Canal fishing life revolves around two main factors, the weather and boat traffic; and to benefit most from the undoubted pleasures of the cut decisions need to be made based firstly on water colour and then wind direction.
My angling backyard, as regular readers will be somewhat sick of reading, is the Oxford Canal north of the conjoined Oxford and Grand Union's from Braunston in Northants to north-east of Coventry where it meets the Coventry Canal. The majority of the cut is in Warwickshire, an area of largely clay-based surface geology, and consequently the incoming run-off or flood water from fields and ditches leaves fine beige silt behind.
Fishing early morning has become more critical during my lifetime and evening fishing is all but pointless with narrowboats active often until dusk.
The couple of hours one can often enjoy before the boats can be, at certain times of year, of quite unbelievable angling quality. Spring and autumn are those times and currently, with unseemly weather conditions prevailing for the past month, we are experiencing one of those periods.
The average weight of fish to be caught in these heady days is usually between three and seven pounds an hour with the number of fish in a catch usually averaging around a pound each.
Sounds great doesn't it? Imagine a five hour canal match in which one could take fifteen to thirty five pounds of fish based on those averages! Well, as you might gather, it isn't quite like that. The canals are not overstocked commercial fisheries after all.
Two things influence that catch; the fish population and the first boats of the day.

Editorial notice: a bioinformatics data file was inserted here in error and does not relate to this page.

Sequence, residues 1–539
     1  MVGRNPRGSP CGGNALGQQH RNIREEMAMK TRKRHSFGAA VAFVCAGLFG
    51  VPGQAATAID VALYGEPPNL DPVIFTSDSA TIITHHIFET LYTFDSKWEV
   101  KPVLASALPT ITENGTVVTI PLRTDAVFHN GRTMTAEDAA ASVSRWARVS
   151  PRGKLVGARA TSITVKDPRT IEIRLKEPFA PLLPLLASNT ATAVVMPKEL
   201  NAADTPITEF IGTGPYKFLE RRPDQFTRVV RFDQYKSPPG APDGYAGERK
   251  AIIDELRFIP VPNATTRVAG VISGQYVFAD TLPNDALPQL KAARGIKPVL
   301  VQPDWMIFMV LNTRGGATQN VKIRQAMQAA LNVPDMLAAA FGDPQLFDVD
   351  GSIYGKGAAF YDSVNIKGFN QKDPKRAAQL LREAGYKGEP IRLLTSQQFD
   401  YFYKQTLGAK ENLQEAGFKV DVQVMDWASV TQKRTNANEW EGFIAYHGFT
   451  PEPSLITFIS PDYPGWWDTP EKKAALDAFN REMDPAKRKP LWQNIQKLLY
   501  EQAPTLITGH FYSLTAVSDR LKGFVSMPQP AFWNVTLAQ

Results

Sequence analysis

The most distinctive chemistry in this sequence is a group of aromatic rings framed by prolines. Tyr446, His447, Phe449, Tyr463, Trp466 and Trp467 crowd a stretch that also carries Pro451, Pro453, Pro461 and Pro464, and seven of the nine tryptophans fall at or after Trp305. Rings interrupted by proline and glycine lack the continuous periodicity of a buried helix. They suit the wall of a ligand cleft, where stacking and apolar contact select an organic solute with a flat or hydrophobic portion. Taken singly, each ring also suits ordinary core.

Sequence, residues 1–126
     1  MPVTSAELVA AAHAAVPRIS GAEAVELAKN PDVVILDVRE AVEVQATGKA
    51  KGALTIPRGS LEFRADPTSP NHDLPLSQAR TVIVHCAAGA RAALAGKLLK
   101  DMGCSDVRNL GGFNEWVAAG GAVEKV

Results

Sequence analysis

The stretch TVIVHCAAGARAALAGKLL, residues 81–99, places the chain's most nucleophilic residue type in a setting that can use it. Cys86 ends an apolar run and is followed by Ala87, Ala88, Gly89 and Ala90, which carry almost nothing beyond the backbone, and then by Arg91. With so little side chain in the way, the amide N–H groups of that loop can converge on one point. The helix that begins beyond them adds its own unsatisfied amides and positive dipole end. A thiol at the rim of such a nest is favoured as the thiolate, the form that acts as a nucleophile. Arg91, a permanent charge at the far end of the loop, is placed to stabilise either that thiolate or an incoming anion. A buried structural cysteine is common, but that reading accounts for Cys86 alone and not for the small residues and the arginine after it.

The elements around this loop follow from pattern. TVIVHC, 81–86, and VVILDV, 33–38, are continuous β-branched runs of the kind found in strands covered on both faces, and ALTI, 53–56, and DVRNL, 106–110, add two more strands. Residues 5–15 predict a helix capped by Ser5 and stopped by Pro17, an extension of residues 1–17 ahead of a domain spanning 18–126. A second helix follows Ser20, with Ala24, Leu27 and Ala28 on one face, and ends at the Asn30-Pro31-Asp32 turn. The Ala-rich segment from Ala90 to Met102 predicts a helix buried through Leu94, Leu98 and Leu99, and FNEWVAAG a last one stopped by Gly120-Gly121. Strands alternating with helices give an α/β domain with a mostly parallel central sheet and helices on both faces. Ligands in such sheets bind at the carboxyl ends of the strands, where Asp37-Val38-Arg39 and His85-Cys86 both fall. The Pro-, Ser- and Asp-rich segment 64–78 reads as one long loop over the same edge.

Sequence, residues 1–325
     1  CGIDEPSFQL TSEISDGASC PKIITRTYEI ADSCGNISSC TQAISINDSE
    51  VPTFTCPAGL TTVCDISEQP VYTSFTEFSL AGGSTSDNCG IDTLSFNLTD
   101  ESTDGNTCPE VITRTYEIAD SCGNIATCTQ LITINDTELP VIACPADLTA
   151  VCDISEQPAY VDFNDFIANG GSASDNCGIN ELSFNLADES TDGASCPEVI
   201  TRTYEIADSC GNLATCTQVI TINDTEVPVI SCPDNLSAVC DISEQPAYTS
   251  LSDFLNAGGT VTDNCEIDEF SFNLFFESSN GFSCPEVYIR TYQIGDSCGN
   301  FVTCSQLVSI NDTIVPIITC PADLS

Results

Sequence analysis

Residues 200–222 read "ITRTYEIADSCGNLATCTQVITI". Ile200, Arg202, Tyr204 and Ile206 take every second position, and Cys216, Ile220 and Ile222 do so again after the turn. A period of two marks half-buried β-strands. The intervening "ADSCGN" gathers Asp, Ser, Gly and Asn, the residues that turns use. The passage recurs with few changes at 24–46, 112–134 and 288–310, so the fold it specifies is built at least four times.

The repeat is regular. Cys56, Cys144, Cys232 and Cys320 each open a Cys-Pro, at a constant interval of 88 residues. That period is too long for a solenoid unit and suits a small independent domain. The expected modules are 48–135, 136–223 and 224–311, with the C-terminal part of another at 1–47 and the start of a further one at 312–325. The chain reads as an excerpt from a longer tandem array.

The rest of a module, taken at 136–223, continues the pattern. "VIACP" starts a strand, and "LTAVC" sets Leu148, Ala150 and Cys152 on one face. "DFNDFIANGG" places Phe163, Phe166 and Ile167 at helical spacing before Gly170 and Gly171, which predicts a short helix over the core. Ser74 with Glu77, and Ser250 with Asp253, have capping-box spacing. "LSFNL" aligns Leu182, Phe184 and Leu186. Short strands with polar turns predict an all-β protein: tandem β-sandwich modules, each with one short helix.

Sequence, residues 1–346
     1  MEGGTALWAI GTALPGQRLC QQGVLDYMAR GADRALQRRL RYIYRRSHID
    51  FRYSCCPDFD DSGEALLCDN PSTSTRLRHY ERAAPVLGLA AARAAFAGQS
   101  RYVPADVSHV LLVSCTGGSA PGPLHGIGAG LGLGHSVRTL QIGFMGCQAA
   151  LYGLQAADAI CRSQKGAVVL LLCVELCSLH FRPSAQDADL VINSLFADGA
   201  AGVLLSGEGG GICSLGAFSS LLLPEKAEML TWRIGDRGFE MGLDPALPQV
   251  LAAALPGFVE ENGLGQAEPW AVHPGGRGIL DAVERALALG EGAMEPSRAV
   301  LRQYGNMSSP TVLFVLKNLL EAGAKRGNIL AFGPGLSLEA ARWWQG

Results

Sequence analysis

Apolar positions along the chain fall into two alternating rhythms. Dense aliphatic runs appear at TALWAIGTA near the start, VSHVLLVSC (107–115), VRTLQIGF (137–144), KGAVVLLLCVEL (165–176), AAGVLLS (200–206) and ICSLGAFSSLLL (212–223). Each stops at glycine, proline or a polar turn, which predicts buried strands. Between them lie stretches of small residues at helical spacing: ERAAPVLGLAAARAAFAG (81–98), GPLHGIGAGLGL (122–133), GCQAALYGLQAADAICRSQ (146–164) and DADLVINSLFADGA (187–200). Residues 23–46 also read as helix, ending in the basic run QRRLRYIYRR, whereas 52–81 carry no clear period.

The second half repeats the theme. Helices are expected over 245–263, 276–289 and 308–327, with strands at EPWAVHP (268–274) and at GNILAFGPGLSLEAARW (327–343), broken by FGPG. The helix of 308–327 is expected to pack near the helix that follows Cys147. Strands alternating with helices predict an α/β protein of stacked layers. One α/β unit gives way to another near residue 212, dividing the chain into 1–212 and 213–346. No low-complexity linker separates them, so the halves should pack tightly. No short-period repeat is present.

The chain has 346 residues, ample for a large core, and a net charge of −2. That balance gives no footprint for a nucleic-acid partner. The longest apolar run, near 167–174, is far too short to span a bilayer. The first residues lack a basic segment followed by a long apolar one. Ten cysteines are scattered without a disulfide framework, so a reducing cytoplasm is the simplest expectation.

The North Oxford, or 'NOXC' as I have come to abbreviate it, averages around five feet, six inches deep along the boat track. Some areas are a touch deeper, others shallower. The width varies from just 8m to perhaps 20m-odd, but the average is around 12m. The consequence of these limited dimensions, heavy boat traffic and an unsurprisingly commensurate lack of weed growth is a dearth of natural food and an associated low fish population.
Fishing can therefore be challenging outside these peak times and within them one to three hours' action is as much as one can expect to enjoy.
Being little deeper than the length of the narrowboats' tiller the disturbance by the first boat of the day is often devastating, such that fishing-on if the boat passes at any great speed is the least desirable of the two options available. The settled silt overnight prior to an early start will leave the canal with a certain turbidity first thing. After long frosty periods and reduced boat movement some areas can go almost perfectly clear but this is unusual and the majority of the time a certain amount of colour is present due to suspended sediment in the water.
The two baits I tend to favour most these days, bread and lobworms, both work better when the water isn't too heavily coloured but thankfully if some stretches of the NOXC are blighted by a complexion like milky tea after downpours there are usually other (elevated) sections that will remain sensibly fishable.
Yesterday at 09.50hrs this happened...
It is possible to appreciate the water colour prior to the boat going through by looking at the undisturbed patches of water on the far side but within minutes the canal would be like pea soup all over, the fish scattered and the likelihood of more boats would then far exceed the possibility of sitting it out successfully for more fish worth catching.
Prior to the first boats however this happened:
and then this:
|Note the water colour at this point.|
Three roach of between 1.1.0 and 1.4.0. A hybrid of 1.8.0 and string of perch to 12ozs for a total weight of around 7.8.0 from a surprisingly shallow peg.
The effort is indeed worth it